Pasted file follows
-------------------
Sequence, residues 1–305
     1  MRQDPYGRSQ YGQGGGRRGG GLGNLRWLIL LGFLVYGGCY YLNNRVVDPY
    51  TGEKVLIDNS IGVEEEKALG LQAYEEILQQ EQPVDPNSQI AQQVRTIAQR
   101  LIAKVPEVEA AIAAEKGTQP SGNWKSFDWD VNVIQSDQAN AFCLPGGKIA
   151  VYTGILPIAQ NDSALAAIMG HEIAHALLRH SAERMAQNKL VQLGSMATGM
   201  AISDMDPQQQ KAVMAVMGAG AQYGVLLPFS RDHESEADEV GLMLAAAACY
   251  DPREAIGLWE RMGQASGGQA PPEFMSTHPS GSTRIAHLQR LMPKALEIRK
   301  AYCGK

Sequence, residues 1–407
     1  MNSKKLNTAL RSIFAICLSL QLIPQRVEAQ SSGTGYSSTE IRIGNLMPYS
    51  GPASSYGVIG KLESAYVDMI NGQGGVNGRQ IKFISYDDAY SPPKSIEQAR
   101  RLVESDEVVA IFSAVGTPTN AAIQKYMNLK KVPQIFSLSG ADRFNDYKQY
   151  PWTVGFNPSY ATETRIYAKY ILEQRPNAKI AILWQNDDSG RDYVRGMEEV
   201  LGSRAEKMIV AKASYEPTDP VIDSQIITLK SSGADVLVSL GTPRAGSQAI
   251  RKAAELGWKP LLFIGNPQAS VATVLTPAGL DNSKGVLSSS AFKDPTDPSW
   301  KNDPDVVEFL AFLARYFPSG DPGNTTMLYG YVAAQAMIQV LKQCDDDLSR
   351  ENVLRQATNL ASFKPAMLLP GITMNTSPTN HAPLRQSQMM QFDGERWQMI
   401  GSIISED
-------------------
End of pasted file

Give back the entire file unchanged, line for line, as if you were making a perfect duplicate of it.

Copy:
Sequence, residues 1–305
     1  MRQDPYGRSQ YGQGGGRRGG GLGNLRWLIL LGFLVYGGCY YLNNRVVDPY
    51  TGEKVLIDNS IGVEEEKALG LQAYEEILQQ EQPVDPNSQI AQQVRTIAQR
   101  LIAKVPEVEA AIAAEKGTQP SGNWKSFDWD VNVIQSDQAN AFCLPGGKIA
   151  VYTGILPIAQ NDSALAAIMG HEIAHALLRH SAERMAQNKL VQLGSMATGM
   201  AISDMDPQQQ KAVMAVMGAG AQYGVLLPFS RDHESEADEV GLMLAAAACY
   251  DPREAIGLWE RMGQASGGQA PPEFMSTHPS GSTRIAHLQR LMPKALEIRK
   301  AYCGK

Sequence, residues 1–407
     1  MNSKKLNTAL RSIFAICLSL QLIPQRVEAQ SSGTGYSSTE IRIGNLMPYS
    51  GPASSYGVIG KLESAYVDMI NGQGGVNGRQ IKFISYDDAY SPPKSIEQAR
   101  RLVESDEVVA IFSAVGTPTN AAIQKYMNLK KVPQIFSLSG ADRFNDYKQY
   151  PWTVGFNPSY ATETRIYAKY ILEQRPNAKI AILWQNDDSG RDYVRGMEEV
   201  LGSRAEKMIV AKASYEPTDP VIDSQIITLK SSGADVLVSL GTPRAGSQAI
   251  RKAAELGWKP LLFIGNPQAS VATVLTPAGL DNSKGVLSSS AFKDPTDPSW
   301  KNDPDVVEFL AFLARYFPSG DPGNTTMLYG YVAAQAMIQV LKQCDDDLSR
   351  ENVLRQATNL ASFKPAMLLP GITMNTSPTN HAPLRQSQMM QFDGERWQMI
   401  GSIISED